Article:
Source: Journal of Radiological Pmtection (vol 20, p 1 1 1)

Double trouble Are twins more likely to have infertile aunts?

NS 8 Jul 2000

IT SOUNDS impossible, but infertility can be inherited. Reproductive biologists have discovered a gene that makes female sheep sterile when they carry two defective copies. When they carry only one defective copy, however, they are superfertile and give birth to twins or triplets, keeping the gene in circulation. No one knows whether a similar genetic disorder could affect humans. "The big question is whether sisters of infertile women are having twins," says team leader Susan Galloway of the University of Otago in Dunedin, New Zealand. Left to their own devices, sheep usually produce a single lamb. But selective breeding has created breeds that produce twins and even triplets. Inverdale sheep, a strain of Romney sheep, are unusual in that roughly 50 per cent of ewes produce more than one lamb at a time, while the other 50 per cent are infertile. "It's fantastic. They breed sheep for prolificacy, and they find that they are infertile," says team member Olli Ritvos of the University of Helsinki. Because the gene is carried on the X chromosome, farmers can easily get around that problem. They cross Inverdale rams with breeds that don't carry the defective gene so that each daughter produces lots of lambs. The lambs from the next generation are slaughtered for meat to prevent infertility being passed on. The biologists have discovered that the sheep gene responsible for the strange fertility pattem is the same as the human gene BMP15. This gene is active in human ovaries, but its exact role was a mystery. In the sheep, BMP15 is essential for reproduction. It makes a protein in the ripening egg, or oocyte, which seems to instruct the granulosa cells around the egg to multiply These cells supply the egg with nutrients and their numbers need to be increased to keep the egg well nourished as it grows. In sheep with two defective copies of BMP15, the granulosa cells do not multiply and the oocytes die of starvation. "It shows that there's a factor made by the oocyte in sheep and humans that influences its local surroundings," says Jock Findlay of the Prince Henry's Institute of Medical Research in Melboume. "The suspicion had been building, because a [email protected] factor is found in rodents. This shows it's a general principle." But Findlay admits to being mystified by how one defective copy of BMP15 can make a sheep superfertile. "I frankly find it difficult to understand," he says. Galloway's team has a hunch, though. Sheep with one defective copy of the gene produce enough granulosa cells to nourish the developing oocytes, but fewer than in a normal sheep. These granulosa cells are also known to be more sensitive than the cells of normal sheep to pituitary hormones LH and FSH, which trigger ovulation. That increased sensitivity could be responsible for the increase in the number of mature eggs that are released from the ovary. Rachel Nowak, Melbourne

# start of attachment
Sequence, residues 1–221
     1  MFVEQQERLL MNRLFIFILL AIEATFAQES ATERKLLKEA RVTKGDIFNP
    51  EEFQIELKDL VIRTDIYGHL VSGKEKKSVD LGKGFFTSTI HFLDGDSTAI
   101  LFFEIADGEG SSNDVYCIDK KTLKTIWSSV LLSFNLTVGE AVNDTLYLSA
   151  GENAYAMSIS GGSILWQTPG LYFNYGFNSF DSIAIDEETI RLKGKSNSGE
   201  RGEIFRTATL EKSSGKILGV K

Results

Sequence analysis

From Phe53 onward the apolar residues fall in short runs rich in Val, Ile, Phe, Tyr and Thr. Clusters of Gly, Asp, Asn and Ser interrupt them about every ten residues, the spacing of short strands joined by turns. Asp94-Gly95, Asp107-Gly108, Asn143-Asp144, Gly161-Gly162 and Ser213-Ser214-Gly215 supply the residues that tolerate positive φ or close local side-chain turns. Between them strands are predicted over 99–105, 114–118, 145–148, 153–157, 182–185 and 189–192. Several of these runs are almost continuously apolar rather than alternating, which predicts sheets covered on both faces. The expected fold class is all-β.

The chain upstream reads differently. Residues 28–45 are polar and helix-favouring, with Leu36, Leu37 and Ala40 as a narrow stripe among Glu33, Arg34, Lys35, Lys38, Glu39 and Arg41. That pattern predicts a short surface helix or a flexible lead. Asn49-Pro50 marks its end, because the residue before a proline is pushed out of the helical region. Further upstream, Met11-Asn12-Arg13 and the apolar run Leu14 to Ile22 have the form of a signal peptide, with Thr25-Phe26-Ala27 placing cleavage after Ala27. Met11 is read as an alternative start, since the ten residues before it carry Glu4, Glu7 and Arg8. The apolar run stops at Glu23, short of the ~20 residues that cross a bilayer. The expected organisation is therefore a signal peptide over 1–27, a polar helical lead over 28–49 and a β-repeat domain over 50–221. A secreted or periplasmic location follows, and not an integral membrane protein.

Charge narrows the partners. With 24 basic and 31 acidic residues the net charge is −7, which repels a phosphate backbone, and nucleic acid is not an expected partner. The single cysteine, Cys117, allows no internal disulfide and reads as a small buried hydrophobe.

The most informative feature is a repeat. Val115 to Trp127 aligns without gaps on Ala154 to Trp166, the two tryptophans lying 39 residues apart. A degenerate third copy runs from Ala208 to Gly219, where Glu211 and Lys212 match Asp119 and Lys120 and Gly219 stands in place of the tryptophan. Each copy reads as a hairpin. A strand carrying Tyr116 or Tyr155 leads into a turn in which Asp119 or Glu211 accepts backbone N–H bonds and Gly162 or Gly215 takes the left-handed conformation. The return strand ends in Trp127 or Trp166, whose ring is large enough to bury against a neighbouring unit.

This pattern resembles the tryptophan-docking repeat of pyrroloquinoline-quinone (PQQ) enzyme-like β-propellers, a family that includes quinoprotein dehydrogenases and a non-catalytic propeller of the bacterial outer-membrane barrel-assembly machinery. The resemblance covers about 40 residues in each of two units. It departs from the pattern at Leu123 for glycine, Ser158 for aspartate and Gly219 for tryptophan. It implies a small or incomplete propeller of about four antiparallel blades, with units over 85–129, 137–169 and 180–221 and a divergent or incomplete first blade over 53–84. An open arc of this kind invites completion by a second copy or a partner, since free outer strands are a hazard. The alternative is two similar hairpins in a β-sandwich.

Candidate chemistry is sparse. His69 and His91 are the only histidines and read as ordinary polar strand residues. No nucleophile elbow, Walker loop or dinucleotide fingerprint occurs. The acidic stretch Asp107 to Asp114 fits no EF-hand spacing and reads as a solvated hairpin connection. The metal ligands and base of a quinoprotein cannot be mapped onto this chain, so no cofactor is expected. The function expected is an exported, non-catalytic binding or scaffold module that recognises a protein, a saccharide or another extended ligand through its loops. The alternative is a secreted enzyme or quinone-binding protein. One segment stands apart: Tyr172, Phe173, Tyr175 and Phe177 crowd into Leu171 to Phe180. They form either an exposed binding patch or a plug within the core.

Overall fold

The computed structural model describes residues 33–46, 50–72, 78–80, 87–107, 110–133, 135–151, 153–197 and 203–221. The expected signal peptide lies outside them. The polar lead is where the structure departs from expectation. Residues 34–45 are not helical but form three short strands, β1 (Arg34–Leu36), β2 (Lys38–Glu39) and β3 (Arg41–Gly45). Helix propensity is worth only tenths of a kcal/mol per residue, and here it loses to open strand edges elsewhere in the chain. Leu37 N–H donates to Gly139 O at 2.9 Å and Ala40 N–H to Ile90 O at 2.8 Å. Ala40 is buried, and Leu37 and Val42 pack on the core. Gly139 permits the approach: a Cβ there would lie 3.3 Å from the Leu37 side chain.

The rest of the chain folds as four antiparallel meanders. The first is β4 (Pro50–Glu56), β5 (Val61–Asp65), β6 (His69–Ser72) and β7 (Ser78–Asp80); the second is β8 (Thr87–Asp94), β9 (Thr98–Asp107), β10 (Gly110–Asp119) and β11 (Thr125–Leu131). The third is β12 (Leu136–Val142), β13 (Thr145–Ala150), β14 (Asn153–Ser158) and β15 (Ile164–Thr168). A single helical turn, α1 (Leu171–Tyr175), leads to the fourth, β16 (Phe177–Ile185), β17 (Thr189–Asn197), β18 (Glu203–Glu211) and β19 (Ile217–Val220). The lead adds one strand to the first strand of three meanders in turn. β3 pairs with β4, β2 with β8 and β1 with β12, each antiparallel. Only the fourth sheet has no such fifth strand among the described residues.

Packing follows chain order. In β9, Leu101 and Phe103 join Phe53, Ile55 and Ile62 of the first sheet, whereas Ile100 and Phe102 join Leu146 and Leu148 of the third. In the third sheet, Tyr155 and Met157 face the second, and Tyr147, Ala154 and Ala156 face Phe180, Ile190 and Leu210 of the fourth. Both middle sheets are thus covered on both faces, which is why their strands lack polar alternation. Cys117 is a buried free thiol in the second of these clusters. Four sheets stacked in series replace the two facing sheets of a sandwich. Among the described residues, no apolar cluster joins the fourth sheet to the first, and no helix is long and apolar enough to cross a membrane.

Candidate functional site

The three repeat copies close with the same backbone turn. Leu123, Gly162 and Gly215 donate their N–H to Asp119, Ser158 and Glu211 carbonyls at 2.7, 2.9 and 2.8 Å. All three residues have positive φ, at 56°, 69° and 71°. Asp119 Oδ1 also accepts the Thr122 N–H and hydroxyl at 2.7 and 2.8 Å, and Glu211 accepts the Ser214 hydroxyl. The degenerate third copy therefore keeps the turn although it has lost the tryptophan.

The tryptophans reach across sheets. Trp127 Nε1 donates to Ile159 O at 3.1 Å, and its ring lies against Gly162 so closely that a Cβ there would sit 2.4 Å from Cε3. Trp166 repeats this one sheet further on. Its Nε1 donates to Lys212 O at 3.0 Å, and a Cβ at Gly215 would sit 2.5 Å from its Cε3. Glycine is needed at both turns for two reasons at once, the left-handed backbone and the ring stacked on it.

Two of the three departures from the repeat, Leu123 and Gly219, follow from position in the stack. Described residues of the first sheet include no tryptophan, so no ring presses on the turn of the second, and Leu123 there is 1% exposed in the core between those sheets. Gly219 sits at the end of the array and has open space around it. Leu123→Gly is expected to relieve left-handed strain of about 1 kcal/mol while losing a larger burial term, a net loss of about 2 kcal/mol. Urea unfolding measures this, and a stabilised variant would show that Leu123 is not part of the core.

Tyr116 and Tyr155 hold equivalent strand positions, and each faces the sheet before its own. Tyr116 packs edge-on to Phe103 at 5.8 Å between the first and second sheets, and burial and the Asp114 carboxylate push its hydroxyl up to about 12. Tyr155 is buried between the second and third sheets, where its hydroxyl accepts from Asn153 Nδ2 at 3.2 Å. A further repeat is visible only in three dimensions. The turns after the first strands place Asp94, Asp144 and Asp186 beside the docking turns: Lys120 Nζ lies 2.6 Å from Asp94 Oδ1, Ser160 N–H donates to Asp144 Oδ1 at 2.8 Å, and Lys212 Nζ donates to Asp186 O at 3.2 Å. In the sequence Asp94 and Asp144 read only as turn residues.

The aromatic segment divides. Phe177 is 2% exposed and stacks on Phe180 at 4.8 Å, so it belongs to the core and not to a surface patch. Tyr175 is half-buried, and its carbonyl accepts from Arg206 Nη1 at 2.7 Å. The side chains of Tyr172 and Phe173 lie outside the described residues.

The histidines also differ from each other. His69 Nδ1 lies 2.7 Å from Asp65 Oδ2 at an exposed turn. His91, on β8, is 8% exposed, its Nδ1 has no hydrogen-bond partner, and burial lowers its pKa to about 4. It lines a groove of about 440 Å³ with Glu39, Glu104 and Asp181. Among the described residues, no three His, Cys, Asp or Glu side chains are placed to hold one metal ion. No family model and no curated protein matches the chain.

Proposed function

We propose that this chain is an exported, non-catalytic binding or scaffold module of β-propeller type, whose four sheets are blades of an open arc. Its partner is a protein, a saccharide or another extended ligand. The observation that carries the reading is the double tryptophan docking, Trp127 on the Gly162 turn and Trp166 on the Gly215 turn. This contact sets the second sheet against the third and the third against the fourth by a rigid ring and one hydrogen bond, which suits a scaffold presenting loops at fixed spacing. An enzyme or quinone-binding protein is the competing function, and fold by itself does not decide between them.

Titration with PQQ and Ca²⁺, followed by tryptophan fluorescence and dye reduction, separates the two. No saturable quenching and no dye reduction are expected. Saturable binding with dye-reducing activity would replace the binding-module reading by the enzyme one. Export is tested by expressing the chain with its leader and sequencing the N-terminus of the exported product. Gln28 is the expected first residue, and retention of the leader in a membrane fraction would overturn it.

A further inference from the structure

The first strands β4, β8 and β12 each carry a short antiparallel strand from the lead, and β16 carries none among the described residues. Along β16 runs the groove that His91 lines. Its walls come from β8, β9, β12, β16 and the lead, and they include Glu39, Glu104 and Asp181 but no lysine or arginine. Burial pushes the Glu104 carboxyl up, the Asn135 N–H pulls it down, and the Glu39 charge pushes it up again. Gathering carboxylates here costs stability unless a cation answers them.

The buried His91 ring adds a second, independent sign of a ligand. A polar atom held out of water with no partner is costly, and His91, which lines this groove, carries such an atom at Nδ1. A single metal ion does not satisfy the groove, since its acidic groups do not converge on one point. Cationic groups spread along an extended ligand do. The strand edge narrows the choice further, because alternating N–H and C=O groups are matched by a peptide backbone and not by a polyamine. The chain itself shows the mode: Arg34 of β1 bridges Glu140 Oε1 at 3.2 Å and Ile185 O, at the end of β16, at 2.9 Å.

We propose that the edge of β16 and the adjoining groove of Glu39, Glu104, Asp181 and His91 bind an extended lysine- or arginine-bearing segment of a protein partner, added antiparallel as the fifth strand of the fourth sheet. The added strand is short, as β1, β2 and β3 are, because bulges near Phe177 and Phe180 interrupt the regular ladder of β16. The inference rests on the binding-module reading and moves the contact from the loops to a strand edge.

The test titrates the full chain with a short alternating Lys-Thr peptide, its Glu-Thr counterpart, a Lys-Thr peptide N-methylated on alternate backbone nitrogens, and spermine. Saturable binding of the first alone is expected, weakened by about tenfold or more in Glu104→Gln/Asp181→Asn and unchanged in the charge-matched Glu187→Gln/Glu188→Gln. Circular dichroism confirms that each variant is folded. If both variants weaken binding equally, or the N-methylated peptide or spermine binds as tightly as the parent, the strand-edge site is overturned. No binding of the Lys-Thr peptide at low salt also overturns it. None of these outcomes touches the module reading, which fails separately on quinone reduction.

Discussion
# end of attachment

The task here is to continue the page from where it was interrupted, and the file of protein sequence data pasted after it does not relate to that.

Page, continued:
Source: Natum Genetics (vol 25, p 279)

Quantum mirage: There are some spooky goings-on in atomic world. Get them under control and we are on our way to making a computer with atoms. Robert lrion investigates

NS 8 Jul 2000

SOMETHING bizarre has popped up in the laboratory of physicist Donald Eigler, and no one is quite stire what to make,,, of it. It's the world's smallest ghost, a phanjom on an atomic scale. Eigler and colleagues at IBM's Almaden Research Center in San Jose, California, call it a 'quantum mirage" because it projects an atom's electronic $ignatur,i to another place while the atom itself stays put. The projection spans only a tiny distance:,ibout 10 nanometres, or 10 000 times narrower than q huoian hair. Still, it offers the tantalising promise of transferring information within tiny circuits of the future in which 'wires are obsolete and the components are single atoms.